I watched the movie Milk last night and it set off a chain of thoughts and emotions running through me.
It reminded me of a story I read about a Baptist minister and civil rights activist in the 1960's named Will Campbell:
On one of the Freedom Rides, Campbell was challenged by newspaper editor P.D. East to sum up the Christian faith in 10 words or less.
Campbell replied, "We're all bastards, but God loves us anyway."
Not long after, a good friend and fellow activist, Thomas Coleman, was shot & killed by a police officer named Jonathan Daniel. After the shooting, Campbell was devastated, but P.D. East wouldn't leave him alone, challenging him on his definition of Christianity. He demanded Campbell to answer whether both Thomas Coleman and Jonathan Daniel-- the victim and the murderer-- were bastards. Campbell feebly replied that they were.
"Which of those two bastards did God love the best?" asked P.D. East
This question changed the course of Campbell's life, when he realized that God loved the bigoted, wrong-doing Ku Klux Klan members just as much as He loved the victims of the bigotry. He left the civil rights movement, and began ministering to white supremacists, sharing God's love & hope to the very people he had been fighting against.
As I lay in bed last night, with scenes from the Gay Rights Movement still flashing through my mind, the story of Will Campbell returned to my memory. After watching Milk, I felt saddened, offended, heart-broken, inspired and confused. What stood out more than anything to me was the hurtful, defensive words coming from Christian's mouths, as they crusaded for morality.
This past year was an echo of the culture clash that happened during the movement of the 1970's in San Francisco, and I had an interesting vantage point from where I stood.
I grew up in a Christian home, in conservative Orange County, and yet I live in one of the most liberal post-Christian cities in the nation. I work for a conservative Evangelical Christian organization, yet the people I work with are much more passionate about justice and human rights than moral purity. During the elections, I walked on campus at SFSU and saw endless amounts of posters and campaigns calling out for people to "Vote No on Prop 8"; when I returned home, my inbox was filled with emails from Christians telling me God's will for the elections. It was interesting, standing with one foot in each world, listening to each group talk about the other.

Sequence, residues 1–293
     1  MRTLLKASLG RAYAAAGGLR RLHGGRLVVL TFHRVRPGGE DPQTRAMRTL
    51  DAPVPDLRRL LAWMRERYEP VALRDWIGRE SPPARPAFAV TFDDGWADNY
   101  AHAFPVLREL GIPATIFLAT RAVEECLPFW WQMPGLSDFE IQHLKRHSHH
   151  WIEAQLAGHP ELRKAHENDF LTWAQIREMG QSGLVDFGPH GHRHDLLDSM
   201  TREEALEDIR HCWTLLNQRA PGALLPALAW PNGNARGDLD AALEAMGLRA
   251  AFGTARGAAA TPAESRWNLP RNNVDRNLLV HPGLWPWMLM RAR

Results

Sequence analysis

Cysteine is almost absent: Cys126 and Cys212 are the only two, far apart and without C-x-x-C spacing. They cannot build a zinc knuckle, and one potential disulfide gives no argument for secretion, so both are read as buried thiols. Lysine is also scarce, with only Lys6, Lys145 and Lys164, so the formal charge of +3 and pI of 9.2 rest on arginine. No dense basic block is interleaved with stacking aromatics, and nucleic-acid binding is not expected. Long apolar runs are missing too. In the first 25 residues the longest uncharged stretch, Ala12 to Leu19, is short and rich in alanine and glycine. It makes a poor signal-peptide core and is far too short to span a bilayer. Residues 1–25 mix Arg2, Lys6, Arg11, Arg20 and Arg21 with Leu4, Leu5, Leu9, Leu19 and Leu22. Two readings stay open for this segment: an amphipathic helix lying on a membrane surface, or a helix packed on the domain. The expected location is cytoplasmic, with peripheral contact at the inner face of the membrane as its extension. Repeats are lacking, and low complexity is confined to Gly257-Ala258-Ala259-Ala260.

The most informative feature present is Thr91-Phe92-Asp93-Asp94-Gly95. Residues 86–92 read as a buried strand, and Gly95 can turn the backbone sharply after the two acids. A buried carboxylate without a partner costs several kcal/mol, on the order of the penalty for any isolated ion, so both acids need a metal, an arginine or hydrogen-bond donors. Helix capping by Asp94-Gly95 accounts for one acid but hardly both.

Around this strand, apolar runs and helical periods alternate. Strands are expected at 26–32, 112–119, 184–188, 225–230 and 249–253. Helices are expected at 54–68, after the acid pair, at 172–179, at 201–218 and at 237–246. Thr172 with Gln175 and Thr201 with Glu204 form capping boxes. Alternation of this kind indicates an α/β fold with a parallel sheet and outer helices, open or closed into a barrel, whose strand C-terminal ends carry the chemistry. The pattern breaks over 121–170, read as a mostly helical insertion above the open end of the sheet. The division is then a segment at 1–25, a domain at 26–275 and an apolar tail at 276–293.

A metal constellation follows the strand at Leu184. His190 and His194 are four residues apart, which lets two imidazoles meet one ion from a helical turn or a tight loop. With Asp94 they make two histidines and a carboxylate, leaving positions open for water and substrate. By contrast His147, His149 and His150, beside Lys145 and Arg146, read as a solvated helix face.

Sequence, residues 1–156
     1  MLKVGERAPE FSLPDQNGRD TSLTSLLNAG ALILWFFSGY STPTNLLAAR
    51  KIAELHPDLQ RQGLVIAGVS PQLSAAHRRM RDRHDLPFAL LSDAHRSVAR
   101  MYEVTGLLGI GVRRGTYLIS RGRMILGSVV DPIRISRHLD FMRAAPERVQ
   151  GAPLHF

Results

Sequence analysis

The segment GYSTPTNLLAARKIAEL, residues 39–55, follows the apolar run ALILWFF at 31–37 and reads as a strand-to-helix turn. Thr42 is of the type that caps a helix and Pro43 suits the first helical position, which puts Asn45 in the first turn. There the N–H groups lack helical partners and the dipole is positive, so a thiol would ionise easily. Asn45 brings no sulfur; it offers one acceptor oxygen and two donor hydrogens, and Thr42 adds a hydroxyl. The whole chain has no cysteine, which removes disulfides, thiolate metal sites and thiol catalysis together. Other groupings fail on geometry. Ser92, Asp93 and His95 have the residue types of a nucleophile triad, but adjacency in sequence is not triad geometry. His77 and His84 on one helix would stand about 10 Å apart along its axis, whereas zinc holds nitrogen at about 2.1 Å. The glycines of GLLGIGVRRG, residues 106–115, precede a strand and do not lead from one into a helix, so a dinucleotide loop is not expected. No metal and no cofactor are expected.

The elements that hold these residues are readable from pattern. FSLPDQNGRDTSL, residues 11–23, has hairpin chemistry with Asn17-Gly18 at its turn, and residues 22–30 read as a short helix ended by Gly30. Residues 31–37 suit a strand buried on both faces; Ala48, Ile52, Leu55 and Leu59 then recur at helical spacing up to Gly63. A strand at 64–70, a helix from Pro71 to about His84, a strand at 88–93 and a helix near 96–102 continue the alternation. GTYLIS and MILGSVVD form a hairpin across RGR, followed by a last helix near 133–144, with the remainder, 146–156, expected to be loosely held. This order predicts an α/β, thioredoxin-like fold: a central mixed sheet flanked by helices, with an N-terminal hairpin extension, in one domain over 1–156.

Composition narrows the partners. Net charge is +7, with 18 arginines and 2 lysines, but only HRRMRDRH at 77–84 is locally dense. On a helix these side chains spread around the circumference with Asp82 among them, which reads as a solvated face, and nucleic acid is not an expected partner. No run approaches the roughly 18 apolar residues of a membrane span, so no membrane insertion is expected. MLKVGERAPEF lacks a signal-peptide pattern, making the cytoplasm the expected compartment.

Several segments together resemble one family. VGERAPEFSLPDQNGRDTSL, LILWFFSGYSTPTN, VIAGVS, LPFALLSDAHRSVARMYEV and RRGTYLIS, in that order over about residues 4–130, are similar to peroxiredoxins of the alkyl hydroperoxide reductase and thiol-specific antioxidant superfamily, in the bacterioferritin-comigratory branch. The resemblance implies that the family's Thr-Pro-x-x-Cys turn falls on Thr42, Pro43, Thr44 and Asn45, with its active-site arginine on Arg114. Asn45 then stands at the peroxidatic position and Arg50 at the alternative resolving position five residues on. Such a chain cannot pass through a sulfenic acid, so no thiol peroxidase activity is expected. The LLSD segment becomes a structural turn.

After watching Milk last night, images replayed themselves like home movies. I thought of Christians picketing the funerals of gay men who had died of AIDS; of half-naked men on Easter posing for the Hunky Jesus contest; of the angry emails demanding that Christians stand up with God against "the gays", and angry gay men pouring hot coffee on Christian students; of teary-eyed gay students crumbling as I apologized for the church rejecting them, and wide-eyed youth group kids learning about sexual purity. I thought of Jesus speaking with compassion on prostitutes, and side-stepping political issues to get at the heart of the matter.
And I think Will Campbell was right: the real heart of the matter is that we're all bastards, but God loves us anyway.
I closed my eyes and saw a group of people on either side of me. On my left were the drag queens, celebrating the Hunky Jesus contest on Easter. On my right were the Christian activists demanding morality, without love. Tears came to my eyes as I saw myself taking a hand from both sides, feeling their skin against mine. We're all bastards, but God loves us anyway.
I've never been one to be deeply involved in politics. I admit that a lot of it is simply over my head, and much too time-consuming to keep up with. But the anger & polarization are what really turn me off. The thought of reaching across both lines-- to the Christian world I am a part of, and to the gay community that I live in sounds dangerous, frightening... and beautiful.
After P.D. East heard Will Campbell's answer to his question, he responded, "You've got to be the biggest bastard of us all... because damned if you haven't made me a Christian, and I'm not sure I can stand it."
Campbell used to say, "I'm pro-Klansman because I'm pro-human being". He explained that being pro-Klansman is not the same as being pro-Klan, and being capable of making that distinction might be the only hope for civil discourse. So my goal is to be able to say that I am both pro-Gay, and pro-Fundamentalist. Taking sides is one thing, standing in the middle is another, but reaching across the line is something completely different.
Reconciliation-- both to God and to man-- was the purpose of Will Campbell's life & ministry, and I hope that someday, someone could say the same of me.